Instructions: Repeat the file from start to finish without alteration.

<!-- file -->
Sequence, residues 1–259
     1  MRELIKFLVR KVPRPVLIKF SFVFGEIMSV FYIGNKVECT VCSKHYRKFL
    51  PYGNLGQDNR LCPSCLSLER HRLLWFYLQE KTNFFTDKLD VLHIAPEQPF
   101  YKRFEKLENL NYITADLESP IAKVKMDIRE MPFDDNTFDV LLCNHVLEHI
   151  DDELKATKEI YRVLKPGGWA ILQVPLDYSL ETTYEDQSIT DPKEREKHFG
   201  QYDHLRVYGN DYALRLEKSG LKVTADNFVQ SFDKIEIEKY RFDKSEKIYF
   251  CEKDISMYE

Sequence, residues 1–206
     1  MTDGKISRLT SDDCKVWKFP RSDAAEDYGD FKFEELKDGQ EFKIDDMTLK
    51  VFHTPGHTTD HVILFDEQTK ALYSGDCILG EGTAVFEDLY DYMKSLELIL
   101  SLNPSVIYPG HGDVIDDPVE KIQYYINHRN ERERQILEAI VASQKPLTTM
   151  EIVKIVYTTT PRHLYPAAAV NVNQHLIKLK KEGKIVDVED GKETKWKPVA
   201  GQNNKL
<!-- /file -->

Sequence, residues 1–259
     1  MRELIKFLVR KVPRPVLIKF SFVFGEIMSV FYIGNKVECT VCSKHYRKFL
    51  PYGNLGQDNR LCPSCLSLER HRLLWFYLQE KTNFFTDKLD VLHIAPEQPF
   101  YKRFEKLENL NYITADLESP IAKVKMDIRE MPFDDNTFDV LLCNHVLEHI
   151  DDELKATKEI YRVLKPGGWA ILQVPLDYSL ETTYEDQSIT DPKEREKHFG
   201  QYDHLRVYGN DYALRLEKSG LKVTADNFVQ SFDKIEIEKY RFDKSEKIYF
   251  CEKDISMYE

Sequence, residues 1–206
     1  MTDGKISRLT SDDCKVWKFP RSDAAEDYGD FKFEELKDGQ EFKIDDMTLK
    51  VFHTPGHTTD HVILFDEQTK ALYSGDCILG EGTAVFEDLY DYMKSLELIL
   101  SLNPSVIYPG HGDVIDDPVE KIQYYINHRN ERERQILEAI VASQKPLTTM
   151  EIVKIVYTTT PRHLYPAAAV NVNQHLIKLK KEGKIVDVED GKETKWKPVA
   201  GQNNKL